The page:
My passion for Jigsaw Puzzles is like my passion for Genealogy

I start yet another puzzle I reflect on exactly why I enjoy putting them together.


Is it because I like the pretty pictures?  Well, I do choose ones I like, but I don’t think that’s the reason?

Do I like the satisfaction of completing a project?  Sometimes yes, sometimes no.  Putting the last piece in the puzzle makes me happy, but at the same time kinda depresses me, because I know then it’s finished and there’s nothing left to do on it.

If you look at the picture, I think of the completed part of the puzzle as the completed part of my research.  Those lines, filed and documented; the lines I am certain are correct and where they belong.  The pieces in the middle that are complete are those families I have well documented but don’t quite fit yet!  There is still work to do on these.  And those scattered pieces and the ones in the box?  Those are all the clues I’ve found, on somebody else’s work on the internet, or references in books or files I’ve come across.

What I think I really like about working my puzzles is it is my reflection time.  This is the time I take away from my desk and books, away from the mundane tasks I really should be doing, and just take “Linda time!”  I reflect on what’s ahead, what’s behind and what’s urgent in my life.  I reflect on things like why I find one person on various documents well after his death?  Were there really two of them?  If so where did the second one come from?  and when?
it seems, are my second addiction!  In addition to being addicted to my research, I’m also addicted to jigsaw puzzles.  The more pieces, the happier I am.  If I have a 500 piece puzzle, I’ll finish it in two days ~ a 2,000 piece puzzle?  I’m as happy as a pig in  a poke!  That may take me a week or two!

See the comparison to my other addiction?  The more pieces I’m juggling, the happier I am.  If I were only concentrating on one line, it would be too much like a job.  Having a variety of things to look for keeps me happy.  When I go to a library, I have my list ~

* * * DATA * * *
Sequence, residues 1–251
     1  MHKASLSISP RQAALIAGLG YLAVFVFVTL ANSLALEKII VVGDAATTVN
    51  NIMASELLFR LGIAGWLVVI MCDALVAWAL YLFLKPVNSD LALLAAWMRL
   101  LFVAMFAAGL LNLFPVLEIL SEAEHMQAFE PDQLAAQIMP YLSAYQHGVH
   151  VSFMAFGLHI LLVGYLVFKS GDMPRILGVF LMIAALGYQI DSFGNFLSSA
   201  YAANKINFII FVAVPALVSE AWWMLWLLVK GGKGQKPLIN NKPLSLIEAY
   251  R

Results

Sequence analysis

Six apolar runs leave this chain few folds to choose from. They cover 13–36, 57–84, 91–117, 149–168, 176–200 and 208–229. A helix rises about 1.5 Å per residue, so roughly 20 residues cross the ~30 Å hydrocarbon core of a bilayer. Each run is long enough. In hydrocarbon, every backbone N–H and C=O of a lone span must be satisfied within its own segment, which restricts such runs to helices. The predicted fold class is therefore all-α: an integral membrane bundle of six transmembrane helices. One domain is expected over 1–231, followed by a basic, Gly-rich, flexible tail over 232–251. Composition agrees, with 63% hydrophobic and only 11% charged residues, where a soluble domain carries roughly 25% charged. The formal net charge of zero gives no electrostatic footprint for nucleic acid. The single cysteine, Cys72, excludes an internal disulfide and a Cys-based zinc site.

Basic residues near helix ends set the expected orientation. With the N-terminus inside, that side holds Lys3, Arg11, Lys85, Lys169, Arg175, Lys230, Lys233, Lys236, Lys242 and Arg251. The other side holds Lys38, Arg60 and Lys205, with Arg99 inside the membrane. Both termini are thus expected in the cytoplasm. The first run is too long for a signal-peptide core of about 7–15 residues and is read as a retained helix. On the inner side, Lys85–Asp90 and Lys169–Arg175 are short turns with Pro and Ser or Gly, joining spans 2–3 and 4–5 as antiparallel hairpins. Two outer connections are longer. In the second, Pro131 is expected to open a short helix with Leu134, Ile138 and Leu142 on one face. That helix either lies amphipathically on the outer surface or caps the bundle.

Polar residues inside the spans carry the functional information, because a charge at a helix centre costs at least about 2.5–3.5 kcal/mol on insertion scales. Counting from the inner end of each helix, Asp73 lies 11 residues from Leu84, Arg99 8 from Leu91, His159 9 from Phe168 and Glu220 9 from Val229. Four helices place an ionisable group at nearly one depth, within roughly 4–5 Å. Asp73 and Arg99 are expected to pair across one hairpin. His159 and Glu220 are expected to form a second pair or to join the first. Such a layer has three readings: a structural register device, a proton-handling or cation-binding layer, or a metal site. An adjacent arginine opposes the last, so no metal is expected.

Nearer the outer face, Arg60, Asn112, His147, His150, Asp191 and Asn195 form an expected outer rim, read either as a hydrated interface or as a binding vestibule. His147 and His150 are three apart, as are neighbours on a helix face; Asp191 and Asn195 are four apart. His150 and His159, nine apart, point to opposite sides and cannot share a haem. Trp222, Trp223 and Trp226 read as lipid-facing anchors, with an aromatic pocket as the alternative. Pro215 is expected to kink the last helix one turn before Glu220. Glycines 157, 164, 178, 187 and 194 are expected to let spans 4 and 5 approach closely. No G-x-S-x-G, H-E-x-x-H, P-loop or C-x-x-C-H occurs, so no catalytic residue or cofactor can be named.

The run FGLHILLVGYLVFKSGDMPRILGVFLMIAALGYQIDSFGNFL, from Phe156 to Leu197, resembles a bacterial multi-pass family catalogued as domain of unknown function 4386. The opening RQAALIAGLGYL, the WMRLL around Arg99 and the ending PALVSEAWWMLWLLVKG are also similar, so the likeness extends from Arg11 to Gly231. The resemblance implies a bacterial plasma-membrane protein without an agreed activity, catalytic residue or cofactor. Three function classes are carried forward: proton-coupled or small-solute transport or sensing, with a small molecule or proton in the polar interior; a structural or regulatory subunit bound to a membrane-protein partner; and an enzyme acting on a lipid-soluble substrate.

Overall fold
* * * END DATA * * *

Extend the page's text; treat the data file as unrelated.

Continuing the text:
Look for this divorce, that death date, remarriage for his widow, etc. and check the tax lists and city directories for the last year they appeared. Check February 1903 for an obituary, maybe even the month before and after. . . . and the list goes on and on!

The fun thing about going through those records, is the fact that something for somebody else may pop up! and it’s the piece I need to finish off that section of the genealogy!  Now if the entire family was complete (and who’s is??) what fun would I have if that surname popped up unexpectedly?

As in genealogy, the piece must fit exactly for the picture to appear correctly.  Finding a name that fits, but the facts don’t is like finding a puzzle piece that is almost, but not quite the shape you need.  Unless the fact is documented, it doesn’t fit, in my estimation, and unless the colors and shape match, it doesn’t fit in a jigsaw puzzle!

Each passion I have gives a satisfaction that is similar.  When a puzzle is complete, I can sit back and look at the fun thing I just created, just as when I find an entire family line I didn’t know existed!

A puzzle should remain just that ~ something that needs the spaces filled in and something that can be completed in time, so you can move on to the next one.

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3 thoughts on “My passion for Jigsaw Puzzles is like my passion for Genealogy

  1. Jigsaw puzzling is very popular, I have learned of late. As part of my learning process, I created two pages about jigsaw puzzles that you may be interested in checking out. The first one contains lots of information about puzzles as well as sources and can be found at http://www.squidoo.com/jigsawpuzzles2. The second one has more of a human interest focus and is filled with interesting stories about people and their ‘puzzling’ lives including the story of the young girl who completed the world’s largest puzzle. You can find the second page at http://www.squidoo.com/jigsawpuzzles3.

    I wish you continued puzzling success!
    Brenda

  2. Hi, your last paragraph is interesting. What if you could get unlimited jigsaw puzzles? Just turning every image on the internet into a jigsaw puzzle without much effort? For example, your above work-in-progress jigsaw puzzle image is itself converted into a jigsaw puzzle,

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